I hope no one gave up beer for Lent. Good, let’s move on then.
You’ve probably seen large brown bottles of craft beer on display at your local grocery store, often at the bottom of the rack and near the wine or single beers. Known as “bombers,” these 22-ounce bottles are not designed to be enjoyed on a street corner in a brown paper bag (although having just finished with parade season, that might not be a bad idea). Rather, they are specialty or limited-release brews (often with high alcohol content) that are not usually available in normal 12-ounce six-packs.
Bombers are great for both sampling beers you can’t readily find anywhere else and for trying something you’re not sure of without purchasing an entire six- or 12-pack. I like having a couple of them in the fridge to share with friends — break out the tasting glasses, sample a couple of unique brews and see who likes what.
While bombers used to be one of the only ways to get a taste of many beers from small and distant craft brewers, as the distribution of craft beers and number of retailers specializing in carrying beers from around the nation grow, the prevalence of bombers has been on the decline. However, you can still find them in most grocery stores that stock craft beer.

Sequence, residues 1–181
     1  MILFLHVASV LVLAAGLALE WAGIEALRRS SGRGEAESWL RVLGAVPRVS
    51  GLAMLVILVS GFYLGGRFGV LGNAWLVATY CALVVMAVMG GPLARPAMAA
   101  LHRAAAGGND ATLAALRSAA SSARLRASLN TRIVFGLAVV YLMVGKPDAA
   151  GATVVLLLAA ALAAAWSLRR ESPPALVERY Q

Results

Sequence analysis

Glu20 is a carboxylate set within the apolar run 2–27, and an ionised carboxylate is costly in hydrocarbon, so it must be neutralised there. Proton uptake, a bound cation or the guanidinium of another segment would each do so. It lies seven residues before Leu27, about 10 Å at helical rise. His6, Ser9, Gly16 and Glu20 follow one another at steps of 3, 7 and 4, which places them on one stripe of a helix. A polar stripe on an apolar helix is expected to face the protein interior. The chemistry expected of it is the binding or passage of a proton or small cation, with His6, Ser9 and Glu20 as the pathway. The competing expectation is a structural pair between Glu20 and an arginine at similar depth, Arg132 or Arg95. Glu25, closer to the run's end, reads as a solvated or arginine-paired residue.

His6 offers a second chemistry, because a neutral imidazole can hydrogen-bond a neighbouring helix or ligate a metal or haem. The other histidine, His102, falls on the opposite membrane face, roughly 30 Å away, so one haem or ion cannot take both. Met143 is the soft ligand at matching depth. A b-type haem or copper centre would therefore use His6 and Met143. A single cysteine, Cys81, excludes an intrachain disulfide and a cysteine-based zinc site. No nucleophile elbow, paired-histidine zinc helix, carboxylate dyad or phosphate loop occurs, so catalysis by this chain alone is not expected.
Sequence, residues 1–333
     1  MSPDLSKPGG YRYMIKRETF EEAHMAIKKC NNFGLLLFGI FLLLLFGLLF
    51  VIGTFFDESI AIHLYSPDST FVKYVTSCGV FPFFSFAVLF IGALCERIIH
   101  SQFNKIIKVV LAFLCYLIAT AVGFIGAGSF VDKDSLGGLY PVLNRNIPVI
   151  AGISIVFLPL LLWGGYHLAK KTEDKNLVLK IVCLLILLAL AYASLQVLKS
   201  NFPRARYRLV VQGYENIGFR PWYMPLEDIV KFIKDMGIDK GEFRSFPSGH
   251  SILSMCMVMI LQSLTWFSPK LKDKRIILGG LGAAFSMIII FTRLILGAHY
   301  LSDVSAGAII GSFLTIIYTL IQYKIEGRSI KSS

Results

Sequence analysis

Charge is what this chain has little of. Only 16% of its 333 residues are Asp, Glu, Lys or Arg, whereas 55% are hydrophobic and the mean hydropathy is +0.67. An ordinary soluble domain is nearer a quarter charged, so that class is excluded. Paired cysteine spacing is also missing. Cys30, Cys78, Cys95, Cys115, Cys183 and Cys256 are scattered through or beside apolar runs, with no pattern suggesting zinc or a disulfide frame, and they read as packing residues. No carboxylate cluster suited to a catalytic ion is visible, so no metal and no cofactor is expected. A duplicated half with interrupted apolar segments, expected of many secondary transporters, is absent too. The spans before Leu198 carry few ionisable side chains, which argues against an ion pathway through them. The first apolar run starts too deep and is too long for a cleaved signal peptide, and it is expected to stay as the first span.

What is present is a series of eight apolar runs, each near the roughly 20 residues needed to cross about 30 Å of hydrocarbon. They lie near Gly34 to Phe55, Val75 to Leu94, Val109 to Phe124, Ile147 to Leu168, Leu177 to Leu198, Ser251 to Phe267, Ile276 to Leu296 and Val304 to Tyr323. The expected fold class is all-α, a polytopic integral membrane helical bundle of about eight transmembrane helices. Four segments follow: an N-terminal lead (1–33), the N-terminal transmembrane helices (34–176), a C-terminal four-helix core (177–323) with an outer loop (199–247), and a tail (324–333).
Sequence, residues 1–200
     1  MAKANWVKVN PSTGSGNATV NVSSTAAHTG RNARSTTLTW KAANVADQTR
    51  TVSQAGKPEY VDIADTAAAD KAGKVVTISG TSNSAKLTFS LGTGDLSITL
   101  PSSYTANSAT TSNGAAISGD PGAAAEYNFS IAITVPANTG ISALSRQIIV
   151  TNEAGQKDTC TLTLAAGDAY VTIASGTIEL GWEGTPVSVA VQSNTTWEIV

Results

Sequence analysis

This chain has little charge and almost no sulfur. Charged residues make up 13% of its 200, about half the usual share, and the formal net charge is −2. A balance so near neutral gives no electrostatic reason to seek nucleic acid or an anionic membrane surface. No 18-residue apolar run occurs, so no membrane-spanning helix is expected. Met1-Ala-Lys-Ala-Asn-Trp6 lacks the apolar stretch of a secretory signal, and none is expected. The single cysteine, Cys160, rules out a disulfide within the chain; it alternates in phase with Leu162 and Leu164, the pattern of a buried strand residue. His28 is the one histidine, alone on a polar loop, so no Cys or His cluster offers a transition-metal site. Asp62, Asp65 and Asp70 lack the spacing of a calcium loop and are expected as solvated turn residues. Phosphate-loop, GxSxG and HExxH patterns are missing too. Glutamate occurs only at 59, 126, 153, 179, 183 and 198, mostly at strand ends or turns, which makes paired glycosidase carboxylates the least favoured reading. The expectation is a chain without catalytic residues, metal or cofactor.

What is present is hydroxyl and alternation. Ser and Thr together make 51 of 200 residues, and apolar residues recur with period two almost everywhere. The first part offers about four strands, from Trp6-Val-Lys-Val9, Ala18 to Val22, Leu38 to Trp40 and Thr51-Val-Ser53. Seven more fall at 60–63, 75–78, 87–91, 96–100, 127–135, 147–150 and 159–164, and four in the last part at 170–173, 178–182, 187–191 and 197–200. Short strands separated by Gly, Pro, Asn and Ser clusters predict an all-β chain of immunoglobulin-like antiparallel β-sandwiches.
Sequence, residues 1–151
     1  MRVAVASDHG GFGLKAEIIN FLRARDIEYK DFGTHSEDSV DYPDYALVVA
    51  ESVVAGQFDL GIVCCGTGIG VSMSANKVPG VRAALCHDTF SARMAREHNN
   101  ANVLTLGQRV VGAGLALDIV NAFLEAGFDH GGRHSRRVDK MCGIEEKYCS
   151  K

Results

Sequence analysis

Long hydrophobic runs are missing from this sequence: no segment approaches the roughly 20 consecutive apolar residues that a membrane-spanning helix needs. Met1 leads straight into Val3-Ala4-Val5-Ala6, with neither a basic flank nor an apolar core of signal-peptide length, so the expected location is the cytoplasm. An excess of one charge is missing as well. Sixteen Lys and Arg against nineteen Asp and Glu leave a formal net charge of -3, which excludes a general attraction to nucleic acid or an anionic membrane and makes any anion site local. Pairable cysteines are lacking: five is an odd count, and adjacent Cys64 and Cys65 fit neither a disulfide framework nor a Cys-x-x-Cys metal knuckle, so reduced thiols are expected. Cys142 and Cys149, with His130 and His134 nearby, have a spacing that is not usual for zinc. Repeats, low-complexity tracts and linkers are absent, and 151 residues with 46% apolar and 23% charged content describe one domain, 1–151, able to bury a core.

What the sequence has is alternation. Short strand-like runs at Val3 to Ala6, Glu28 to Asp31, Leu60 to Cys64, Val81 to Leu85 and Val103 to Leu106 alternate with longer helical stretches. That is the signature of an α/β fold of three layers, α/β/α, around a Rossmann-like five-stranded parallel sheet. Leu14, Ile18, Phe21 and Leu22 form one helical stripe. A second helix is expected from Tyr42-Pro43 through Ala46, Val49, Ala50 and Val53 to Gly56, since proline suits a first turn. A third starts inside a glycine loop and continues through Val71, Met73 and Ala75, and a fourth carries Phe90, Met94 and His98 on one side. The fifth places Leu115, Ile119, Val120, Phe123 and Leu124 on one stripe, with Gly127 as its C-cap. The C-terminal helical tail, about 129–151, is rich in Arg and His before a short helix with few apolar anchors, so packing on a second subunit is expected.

Bombers remain poplar with a number of excellent West Coast breweries, which offer some of the best, and most unique, beers available anywhere. Oregon’s Rogue Ales previously only released its beers in bombers, although it recently began canning some beers as well, including its fantastic Dead Guy Ale, for which it is best known.
I’ve not seen it in cans around here, however, but there are a number of Rogue styles available locally, including its Cold Brew IPA, which is blended with coffee. I didn’t really taste much coffee, but I did enjoy this hoppy beer with nice floral finishes.
Another West Coast favorite available mainly in bombers is the fantastically named Arrogant Bastard Ale from California’s Arrogant Brewing. If you’ve never had an Arrogant Bastard Ale, you need to try one — but be aware, it’s isn’t for the faint of heart. Both malty and hoppy, it is a unique and strong (7.2 percent alcohol by volume) dark ale.
Closer to home, Louisiana’s Abita Brewery always puts out a number of seasonal and special bombers, and unlike most brewers, Abita’s bombers tend to be at a reasonable price, usually around $4 to $5 a bottle. I recently tried an Abita bomber in a style I had never seen before, Horchata Turbo Dog, a Latin-inspired take on the Abita staple.
As the original Turbo Dog is one of my all-time favorites, I had to give it a go, and I wasn’t disappointed. It had a strong vanilla aroma, and the vanilla and spice finish was a perfect complement to the dark, chocolaty Turbo Dog.
For those of you still celebrating the Eagles’ Super Bowl win (and I know a bunch of you who still are, even in Mobile), Philadelphia’s Victory (!) Brewing Co. puts out Golden Monkey, a powerful Belgian ale in a bomber that is superb. However, be careful — at 9.5 percent ABV, too much of this one and you’ll be climbing lampposts.